Creating the Amateur Sleuth
by C.S. Challinor
“Rex Graves, Scottish Barrister: Ms. Challinor has crafted a world class detective, a charming sleuth who uses his prosecutorial expertise to work his way through method and motive. Novels are often compared Agatha Christie.”
“... At times, it seems we are playing Clue or perhaps enjoying a contemporary retelling of a classic Agatha Christie tale with a charming new sleuth. A must for cozy fans." - Booklist (American Library Association)
I’m assuming most, if not all, of you reading this are writing or thinking about writing a mystery. If that’s the case, many of you will already know the basic rules of writing mysteries and I’ll cover that to a certain extent, but what I’d like to focus on, and what I feel might be most helpful, is to discuss writing the whodunit in the context of the amateur sleuth. Much of how you write your mystery will depend on your protagonist—your main character around whom the story unfolds. I shall refer to the amateur sleuth as the AS. The amateur sleuth or AS is typically the solver of cases in cozy mysteries, an exception being M. C. Beaton’s Hamish Macbeth, a village policeman, or bobby, as we would say in the UK.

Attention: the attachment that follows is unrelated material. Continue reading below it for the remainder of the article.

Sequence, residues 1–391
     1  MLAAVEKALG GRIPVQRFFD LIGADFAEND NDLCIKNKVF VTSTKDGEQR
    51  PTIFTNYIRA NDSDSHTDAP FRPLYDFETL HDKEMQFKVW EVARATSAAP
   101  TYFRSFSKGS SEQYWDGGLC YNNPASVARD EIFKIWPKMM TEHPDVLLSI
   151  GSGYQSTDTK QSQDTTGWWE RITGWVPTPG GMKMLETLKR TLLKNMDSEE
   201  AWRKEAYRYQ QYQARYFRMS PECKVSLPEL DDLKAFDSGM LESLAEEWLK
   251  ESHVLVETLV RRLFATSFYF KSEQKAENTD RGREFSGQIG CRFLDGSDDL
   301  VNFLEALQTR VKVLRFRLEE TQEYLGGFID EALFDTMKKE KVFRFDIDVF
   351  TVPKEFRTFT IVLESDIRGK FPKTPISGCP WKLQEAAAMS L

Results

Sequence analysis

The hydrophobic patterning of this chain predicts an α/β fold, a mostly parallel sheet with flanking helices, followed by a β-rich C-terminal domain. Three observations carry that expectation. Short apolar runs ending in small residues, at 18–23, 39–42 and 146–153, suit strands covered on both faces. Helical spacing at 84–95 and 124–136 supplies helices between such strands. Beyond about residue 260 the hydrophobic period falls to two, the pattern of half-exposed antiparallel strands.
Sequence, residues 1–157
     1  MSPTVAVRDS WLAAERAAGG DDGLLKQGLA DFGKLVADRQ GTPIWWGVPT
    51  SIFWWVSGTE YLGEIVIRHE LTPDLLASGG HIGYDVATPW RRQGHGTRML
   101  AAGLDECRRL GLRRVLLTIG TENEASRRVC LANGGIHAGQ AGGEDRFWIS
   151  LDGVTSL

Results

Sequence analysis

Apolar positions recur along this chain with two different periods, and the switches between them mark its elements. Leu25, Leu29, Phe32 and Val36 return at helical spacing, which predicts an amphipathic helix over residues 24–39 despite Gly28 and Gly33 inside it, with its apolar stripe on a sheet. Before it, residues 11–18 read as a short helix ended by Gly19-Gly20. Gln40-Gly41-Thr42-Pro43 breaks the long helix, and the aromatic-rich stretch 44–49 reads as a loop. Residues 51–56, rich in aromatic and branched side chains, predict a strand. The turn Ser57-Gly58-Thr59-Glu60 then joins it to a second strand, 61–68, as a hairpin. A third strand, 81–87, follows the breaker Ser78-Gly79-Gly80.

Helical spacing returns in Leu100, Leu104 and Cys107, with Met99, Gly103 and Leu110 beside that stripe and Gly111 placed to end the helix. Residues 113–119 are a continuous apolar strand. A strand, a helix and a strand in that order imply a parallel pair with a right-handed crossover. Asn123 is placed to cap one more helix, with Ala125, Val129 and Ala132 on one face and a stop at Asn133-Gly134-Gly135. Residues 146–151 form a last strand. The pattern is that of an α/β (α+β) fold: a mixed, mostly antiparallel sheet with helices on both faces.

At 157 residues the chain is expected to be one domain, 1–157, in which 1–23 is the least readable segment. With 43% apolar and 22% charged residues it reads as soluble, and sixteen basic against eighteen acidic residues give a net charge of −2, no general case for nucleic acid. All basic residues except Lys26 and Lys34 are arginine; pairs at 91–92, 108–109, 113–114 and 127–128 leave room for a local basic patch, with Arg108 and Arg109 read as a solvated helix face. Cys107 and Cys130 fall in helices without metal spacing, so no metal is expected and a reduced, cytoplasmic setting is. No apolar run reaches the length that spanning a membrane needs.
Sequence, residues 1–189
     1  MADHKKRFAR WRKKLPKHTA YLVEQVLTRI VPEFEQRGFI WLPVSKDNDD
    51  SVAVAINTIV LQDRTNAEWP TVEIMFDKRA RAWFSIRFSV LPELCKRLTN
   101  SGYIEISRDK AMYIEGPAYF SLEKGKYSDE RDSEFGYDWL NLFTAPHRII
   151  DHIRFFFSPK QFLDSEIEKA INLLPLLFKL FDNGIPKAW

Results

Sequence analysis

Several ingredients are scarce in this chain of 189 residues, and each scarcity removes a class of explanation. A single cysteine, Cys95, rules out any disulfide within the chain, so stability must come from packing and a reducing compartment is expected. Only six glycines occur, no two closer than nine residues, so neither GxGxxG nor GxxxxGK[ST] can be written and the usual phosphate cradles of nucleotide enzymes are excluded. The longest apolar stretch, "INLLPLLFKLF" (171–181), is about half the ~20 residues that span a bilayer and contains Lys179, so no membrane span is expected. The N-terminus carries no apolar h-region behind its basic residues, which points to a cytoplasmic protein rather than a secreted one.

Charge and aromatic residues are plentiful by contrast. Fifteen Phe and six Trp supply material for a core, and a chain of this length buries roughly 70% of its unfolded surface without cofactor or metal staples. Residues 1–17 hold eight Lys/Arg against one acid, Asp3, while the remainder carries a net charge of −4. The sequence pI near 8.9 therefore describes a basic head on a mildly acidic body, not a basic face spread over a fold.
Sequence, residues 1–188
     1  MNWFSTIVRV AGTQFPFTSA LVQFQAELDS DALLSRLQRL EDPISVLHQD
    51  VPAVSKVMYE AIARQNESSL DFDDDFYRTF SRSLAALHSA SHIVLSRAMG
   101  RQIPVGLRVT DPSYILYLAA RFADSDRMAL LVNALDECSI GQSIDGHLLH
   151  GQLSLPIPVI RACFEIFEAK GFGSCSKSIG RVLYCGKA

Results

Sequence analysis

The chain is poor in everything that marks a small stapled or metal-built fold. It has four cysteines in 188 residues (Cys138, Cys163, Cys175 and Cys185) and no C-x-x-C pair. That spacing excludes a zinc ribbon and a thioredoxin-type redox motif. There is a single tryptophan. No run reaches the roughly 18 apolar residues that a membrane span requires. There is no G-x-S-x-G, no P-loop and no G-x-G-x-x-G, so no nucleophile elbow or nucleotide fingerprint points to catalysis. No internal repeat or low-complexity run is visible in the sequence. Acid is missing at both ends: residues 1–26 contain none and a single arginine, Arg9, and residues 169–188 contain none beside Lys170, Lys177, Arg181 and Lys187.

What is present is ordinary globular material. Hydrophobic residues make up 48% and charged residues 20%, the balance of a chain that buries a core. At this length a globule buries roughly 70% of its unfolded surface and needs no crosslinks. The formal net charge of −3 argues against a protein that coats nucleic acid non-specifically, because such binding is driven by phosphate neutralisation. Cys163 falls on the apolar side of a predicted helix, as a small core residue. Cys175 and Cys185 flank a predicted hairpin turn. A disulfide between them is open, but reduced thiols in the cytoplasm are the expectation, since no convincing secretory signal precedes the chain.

Cozy mysteries are most often set in villages or remote areas—an English country house or rural Kansas, for example. The professional private detective or PI belongs to the grittier, hard-boiled mystery genre, more likely to take place in an urban setting, such as New York or Boston: John D. MacDonald’s Travis McGee and Robert B. Parker’s Police Chief Jesse Stone, for example. My talk will concentrate on the amateur sleuth, though there will inevitably be some cross-over. I’ll discuss Required Attributes, choice of Profession, pointers on Appearance, whether to have a Love Interest, and basics on Background.
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